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Caritas facing 'massive' difficulty in helping Pakistani flood victims
Caritas facing 'massive' difficulty in helping Pakistani flood victims

.- The international Catholic charity Caritas is reporting that relief efforts for flood victims in Pakistan are being hampered by high waters, which are causing “massive” difficulties for aid efforts and making communities accessible only on foot.

Northern Pakistan has been ravaged in recent days by monsoon rains which have caused disastrous flooding in the area. A press release from the charity released on August 3 shows the damage and the death toll to be far more catastrophic than originally estimated. Although Caritas reported last Friday that 300 people were killed, the number has now risen to 1,500 with an estimated 3 million affected by the natural disaster.

In an update provided to CNA, Caritas spokesperson Michelle Hough said that reporting on the incident has been challenging for staff members.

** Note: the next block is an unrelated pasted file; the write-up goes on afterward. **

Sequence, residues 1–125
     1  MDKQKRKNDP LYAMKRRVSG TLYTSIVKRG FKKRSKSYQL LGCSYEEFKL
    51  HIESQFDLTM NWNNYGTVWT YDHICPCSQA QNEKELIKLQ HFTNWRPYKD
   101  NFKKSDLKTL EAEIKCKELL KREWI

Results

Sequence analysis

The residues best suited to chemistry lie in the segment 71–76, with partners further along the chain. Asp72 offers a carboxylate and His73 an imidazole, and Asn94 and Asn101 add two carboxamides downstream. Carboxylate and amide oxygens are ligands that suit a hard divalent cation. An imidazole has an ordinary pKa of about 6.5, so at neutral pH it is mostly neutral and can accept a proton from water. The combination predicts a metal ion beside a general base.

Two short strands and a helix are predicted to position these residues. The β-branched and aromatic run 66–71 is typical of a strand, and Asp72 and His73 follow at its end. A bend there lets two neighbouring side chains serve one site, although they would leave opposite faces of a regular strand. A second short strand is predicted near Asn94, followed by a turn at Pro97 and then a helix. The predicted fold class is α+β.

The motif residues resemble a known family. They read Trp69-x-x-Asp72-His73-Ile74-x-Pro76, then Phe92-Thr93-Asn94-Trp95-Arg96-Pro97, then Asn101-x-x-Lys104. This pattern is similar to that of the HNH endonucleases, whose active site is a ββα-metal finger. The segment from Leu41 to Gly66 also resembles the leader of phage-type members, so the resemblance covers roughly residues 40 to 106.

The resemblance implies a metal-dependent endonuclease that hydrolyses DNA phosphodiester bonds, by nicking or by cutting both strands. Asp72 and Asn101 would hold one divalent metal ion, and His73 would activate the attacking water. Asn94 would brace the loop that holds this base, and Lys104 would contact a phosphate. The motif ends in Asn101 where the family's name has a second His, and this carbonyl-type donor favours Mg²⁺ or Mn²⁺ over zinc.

“As you can imagine, the severity and the extent of the flooding makes it very difficult to do assessments,” Hough said in an email. “Staff have been stranded in some instances as roads are blocked and bridges are down.”

Eric Dayal, emergency officer for Pakistan, said in Tuesday's press release that the “situation is going from bad to worse and more rains are predicted.”

“As we try to do assessments and deliver aid we’re faced with the major challenges of high waters, which means staff are sometimes traveling by foot in the worse-hit areas, and broken phone and electricity lines which make communications very difficult,” he added.

Hospitals and health centers have also been damaged, complicating the care for those injured in the floods. The damaged health facilities are also increasing concerns about the preventing and treating water born diseases once flood waters recede.

While Caritas reported in their press release that the difficulties in getting aid to victims is “massive,” they are forging ahead with their plans to provide 1,500 families in Peshawar with water, food, cooking utensils, and health and hygiene kits. The charity will also distribute mosquito nets, water purification tablets, hygiene kits and kitchen supplies to 1,350 households in Karkhan and Kohlu.

Last week, Caritas provided emergency relief items to 1,300 families in two districts of southern Punjab.

The group is looking at setting up cash-for-work programs to provide people income after the floods damaged their cattle and crops.  “As a clearer picture of the extent of the disaster emerges, Caritas is looking at launching an initial three-month program to cover the worst-affected areas,” the Catholic charity said.

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